“I was absolutely shocked when the European team announced that they were not seeing methane,” explained Chris Webster of NASA’s Jet Propulsion Laboratory in Southern California.
THE THEORY OF BEING INVISIBLE
Scientists who came up with many ideas to solve this mystery, finally put forward the theory that gas emanates from near-surface methane pools during calm nights, and this gas disperses and becomes “invisible” during the day.
Because the scientific device called TLS, mounted on Curiosity and detecting methane gas, needed a lot of energy and was working at night to avoid conflict with the others. Europe’s orbiter made its detections during the day to take advantage of sunlight.
To test this theory, the Curiosity team decided to measure methane gas during the daytime. Measurements showed that the gas detected at night was indeed lost during the day.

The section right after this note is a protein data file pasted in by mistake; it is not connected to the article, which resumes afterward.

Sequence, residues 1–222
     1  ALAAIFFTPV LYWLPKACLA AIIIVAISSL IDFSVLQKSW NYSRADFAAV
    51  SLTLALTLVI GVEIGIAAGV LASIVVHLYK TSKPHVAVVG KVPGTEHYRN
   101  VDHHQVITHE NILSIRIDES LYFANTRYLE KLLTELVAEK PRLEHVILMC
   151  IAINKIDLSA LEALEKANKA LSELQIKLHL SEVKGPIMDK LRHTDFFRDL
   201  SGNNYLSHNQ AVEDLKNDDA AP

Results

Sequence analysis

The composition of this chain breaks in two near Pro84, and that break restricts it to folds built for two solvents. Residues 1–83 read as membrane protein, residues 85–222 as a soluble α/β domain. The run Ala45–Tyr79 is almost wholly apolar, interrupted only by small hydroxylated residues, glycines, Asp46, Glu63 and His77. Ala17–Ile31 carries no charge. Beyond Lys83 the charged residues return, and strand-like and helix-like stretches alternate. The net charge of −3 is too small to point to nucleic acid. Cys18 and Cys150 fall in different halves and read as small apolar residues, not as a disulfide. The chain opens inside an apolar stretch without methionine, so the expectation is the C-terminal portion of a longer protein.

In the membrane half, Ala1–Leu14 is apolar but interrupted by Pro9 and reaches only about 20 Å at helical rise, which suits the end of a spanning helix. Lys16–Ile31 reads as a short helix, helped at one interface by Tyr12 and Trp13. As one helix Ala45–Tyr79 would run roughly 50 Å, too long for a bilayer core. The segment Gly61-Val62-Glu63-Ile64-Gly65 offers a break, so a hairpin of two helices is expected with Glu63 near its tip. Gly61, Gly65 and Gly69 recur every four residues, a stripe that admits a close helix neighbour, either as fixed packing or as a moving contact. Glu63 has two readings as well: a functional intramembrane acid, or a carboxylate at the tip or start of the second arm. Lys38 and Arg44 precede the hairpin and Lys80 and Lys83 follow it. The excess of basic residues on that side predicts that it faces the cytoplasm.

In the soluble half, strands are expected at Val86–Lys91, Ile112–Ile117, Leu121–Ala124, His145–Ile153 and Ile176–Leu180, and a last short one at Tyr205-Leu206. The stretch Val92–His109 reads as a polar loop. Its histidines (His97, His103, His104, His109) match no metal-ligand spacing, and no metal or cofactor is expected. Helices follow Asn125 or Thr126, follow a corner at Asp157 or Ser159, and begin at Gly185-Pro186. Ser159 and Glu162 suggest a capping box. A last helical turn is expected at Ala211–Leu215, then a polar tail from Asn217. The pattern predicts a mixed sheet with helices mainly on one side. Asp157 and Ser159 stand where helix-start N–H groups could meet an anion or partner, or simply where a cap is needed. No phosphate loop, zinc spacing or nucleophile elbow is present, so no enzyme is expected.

In other words, the methane released from the Martian craters had to accumulate enough in the atmosphere to enter the frame of the orbiter, but this accumulation did not occur.
The findings, published in the peer-reviewed scientific journal Astronomy and Astrophysics, have solved an important part of the puzzle. But this raised a new question: What destroys methane during the day?
Scientists are now trying to find the answer to this question. “A faster-than-normal destruction mechanism is required to reconcile datasets from the lander and orbiter,” Webster said.
We need to determine if such a mechanism exists. Until then, Martian methane will remain an enigma. The Independent